Today the UK is dependent on digital infrastructure. From our overall economy to an individuals social activities, we are heavily reliant on the Internet, cloud computing and data centres.

To put this into context, the Competitive Analysis of UK Cyber Security Sector study estimates that 80% of homes have Internet access, and the number of people who connect via their mobile has increased over the last three years from 24% to 51%.

Business is also moving steadily into cyberspace. Nearly all communication, whether business-to-business or with clients, happens electronically. Even the government uses the Internet and cloud computing when communicating with the public and in procurement. But with these changes comes risk.

There is the increasing threat to the UK from cyber attacks, both internally and externally. These can include criminal behaviour (hacked accounts/stolen identity), hacktivism (protest/political activism), and espionage (corporate/government).

We associate war campaigns with the physical, but due to todays electronic society attacks are now virtual. Cyber warfare is both cost and resource effective. You only need a small team to execute an attack rather than a whole army.

A cyber attack can efficiently and effectively degrade your opposing forces digital and physical assets by using their own technology against them. These attacks can ignite a destructive chain reaction that can have the same detrimental effects as a conventional war.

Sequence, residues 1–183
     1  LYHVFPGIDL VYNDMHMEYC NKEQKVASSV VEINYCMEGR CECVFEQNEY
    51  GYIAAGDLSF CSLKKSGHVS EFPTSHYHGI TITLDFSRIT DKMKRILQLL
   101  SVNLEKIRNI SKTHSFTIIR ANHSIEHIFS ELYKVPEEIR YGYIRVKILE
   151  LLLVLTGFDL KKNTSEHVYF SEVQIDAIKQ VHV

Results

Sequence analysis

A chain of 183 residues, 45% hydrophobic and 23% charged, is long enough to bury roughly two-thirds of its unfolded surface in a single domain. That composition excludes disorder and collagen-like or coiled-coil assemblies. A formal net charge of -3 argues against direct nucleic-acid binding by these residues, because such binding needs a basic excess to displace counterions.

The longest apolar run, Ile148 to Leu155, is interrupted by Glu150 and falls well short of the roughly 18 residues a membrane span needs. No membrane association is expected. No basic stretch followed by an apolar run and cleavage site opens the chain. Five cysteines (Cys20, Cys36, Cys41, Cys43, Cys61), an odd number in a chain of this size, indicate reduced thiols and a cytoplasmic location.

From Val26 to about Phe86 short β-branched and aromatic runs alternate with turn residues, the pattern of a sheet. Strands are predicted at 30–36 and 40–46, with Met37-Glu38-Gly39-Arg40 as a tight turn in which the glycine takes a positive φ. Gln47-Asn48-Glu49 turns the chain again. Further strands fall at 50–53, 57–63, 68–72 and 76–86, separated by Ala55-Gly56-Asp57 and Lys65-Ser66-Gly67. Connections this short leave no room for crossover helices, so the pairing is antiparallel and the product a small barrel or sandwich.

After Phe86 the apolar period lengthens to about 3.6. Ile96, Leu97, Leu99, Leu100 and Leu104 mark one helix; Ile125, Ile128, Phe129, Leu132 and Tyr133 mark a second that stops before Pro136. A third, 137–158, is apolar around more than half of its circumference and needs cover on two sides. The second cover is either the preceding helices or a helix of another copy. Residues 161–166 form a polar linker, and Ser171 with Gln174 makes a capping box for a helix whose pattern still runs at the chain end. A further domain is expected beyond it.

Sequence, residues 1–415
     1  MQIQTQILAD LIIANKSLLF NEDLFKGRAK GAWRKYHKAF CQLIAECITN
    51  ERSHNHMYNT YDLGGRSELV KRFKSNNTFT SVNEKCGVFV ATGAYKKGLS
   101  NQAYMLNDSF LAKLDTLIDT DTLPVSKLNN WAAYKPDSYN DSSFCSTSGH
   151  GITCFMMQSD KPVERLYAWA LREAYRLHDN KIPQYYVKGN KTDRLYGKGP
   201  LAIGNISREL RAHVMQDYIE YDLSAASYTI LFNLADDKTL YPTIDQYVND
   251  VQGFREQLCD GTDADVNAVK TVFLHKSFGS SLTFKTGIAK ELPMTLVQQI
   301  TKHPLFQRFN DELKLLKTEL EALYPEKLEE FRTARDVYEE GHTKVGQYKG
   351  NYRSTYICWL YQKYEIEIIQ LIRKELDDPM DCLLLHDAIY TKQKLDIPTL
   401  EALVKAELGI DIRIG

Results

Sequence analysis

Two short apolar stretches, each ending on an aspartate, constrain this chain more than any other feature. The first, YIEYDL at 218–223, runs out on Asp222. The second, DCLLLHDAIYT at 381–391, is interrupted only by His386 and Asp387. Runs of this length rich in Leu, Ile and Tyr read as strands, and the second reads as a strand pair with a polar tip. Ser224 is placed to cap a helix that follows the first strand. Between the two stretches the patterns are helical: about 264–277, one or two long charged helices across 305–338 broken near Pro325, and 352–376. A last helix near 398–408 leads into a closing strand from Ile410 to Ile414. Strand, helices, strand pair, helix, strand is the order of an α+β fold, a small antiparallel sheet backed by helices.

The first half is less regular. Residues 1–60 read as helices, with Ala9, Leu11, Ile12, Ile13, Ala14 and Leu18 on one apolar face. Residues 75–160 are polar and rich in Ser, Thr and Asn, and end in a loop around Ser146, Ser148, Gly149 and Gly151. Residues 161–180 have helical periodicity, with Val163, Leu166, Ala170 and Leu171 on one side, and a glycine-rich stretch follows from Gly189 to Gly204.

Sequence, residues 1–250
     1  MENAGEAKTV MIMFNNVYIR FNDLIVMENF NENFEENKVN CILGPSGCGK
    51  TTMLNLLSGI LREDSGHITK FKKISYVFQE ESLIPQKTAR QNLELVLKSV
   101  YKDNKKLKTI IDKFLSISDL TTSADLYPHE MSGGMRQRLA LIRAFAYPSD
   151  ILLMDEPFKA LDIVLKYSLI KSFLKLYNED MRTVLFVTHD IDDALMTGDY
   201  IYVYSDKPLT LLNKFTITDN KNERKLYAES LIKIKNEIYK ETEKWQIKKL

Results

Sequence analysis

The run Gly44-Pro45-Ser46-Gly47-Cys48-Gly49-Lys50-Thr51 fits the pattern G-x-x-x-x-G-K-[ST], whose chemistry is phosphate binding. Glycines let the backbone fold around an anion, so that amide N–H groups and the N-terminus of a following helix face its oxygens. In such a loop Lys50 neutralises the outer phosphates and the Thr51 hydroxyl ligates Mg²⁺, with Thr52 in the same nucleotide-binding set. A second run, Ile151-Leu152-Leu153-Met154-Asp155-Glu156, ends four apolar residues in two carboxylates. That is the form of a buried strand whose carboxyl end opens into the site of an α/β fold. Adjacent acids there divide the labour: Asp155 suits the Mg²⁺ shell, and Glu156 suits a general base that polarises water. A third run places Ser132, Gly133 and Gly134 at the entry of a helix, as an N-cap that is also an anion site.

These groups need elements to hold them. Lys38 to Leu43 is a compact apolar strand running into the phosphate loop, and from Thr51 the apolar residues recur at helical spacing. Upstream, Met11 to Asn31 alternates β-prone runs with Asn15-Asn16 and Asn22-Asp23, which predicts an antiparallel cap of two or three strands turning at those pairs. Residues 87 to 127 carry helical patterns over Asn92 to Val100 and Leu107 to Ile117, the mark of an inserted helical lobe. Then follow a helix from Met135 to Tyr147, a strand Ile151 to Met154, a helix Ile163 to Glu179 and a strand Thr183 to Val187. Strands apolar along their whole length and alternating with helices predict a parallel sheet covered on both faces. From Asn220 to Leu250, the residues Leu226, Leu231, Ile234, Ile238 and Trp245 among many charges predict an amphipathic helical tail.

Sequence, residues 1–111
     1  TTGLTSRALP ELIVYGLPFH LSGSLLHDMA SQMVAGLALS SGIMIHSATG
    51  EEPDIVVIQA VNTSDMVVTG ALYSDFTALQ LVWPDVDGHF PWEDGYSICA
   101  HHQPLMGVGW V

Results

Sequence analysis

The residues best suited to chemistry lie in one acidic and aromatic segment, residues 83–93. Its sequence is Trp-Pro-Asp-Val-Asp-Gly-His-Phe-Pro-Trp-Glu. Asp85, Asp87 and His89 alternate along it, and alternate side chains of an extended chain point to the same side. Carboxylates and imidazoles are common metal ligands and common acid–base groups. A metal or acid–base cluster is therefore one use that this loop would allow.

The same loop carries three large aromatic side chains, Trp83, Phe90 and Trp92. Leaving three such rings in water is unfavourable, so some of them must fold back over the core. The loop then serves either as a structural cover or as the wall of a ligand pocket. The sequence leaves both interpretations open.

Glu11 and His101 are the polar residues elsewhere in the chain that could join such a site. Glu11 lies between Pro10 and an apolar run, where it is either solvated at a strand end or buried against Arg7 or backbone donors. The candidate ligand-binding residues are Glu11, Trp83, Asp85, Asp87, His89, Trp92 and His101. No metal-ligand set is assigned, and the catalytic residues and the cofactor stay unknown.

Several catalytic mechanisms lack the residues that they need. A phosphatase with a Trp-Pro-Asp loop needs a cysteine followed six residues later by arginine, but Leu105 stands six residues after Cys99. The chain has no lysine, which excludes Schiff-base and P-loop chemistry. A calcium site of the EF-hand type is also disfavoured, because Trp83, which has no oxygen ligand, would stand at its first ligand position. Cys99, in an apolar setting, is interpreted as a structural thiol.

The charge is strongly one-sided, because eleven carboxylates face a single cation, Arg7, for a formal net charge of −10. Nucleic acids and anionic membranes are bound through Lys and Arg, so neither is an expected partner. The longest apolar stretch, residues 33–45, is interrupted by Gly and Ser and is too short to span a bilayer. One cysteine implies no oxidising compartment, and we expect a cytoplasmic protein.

The fear is that future cyber attacks will target key aspects of the UKs infrastructure, such as e-commerce, health services, information assets and the government. Attacks such as these will leave the UK without vital resources and can affect our ability to communicate.

For this reason the National Security Strategy has highlighted cyber attacks as one of the top security risks posed to the UK. The government is investing £860 million towards the National Cyber Security Strategy.

The UK government is taking steps forward in order to combat this problem. Plans have been put in place to develop the current National Cyber Security Strategy. This includes the development of the British Computer Emergency Response Team, National Cyber Crime Unit, and the Joint Cyber Reserve Unit.

The Ministry of Defence is currently in the process of creating the Cyber Reserve Unit, appealing to computer experts, hackers and programmers to become reservists alongside existing forces.

The MoD has also launched a public-private sector partnership in the form of the Defence Cyber Protection Partnership. The DCPP is a culmination of nine UK defence and telecoms firms and government agencies.

Although UK cyber defences blocked over 400,000 cyber attacks last year, the threat is real and more needs to be done to truly address the problem of cyber warfare.

Cyber security needs to be approached holistically. As well as risk management and protection, we need the ability to counterattack security threats. Technology is constantly expanding and evolving; we need to be able to change with it.

Cyber security is incredibly important to the UKs economy. Developments in cyber security are needed to gain assurance that business, government, as well as the personal digital affairs are secure.

Robert O’Brien | CEO MetaCompliance | @MetaCompliance

metacomplianceBio: This article was written by Robert O’Brien, the CEO of Metacompliance, leading information security and compliance software specialists. Robert has a keen interest in Cyber Security and is passionate about the need for a UK based software sector, particularly in the area of IT Security and Cloud.

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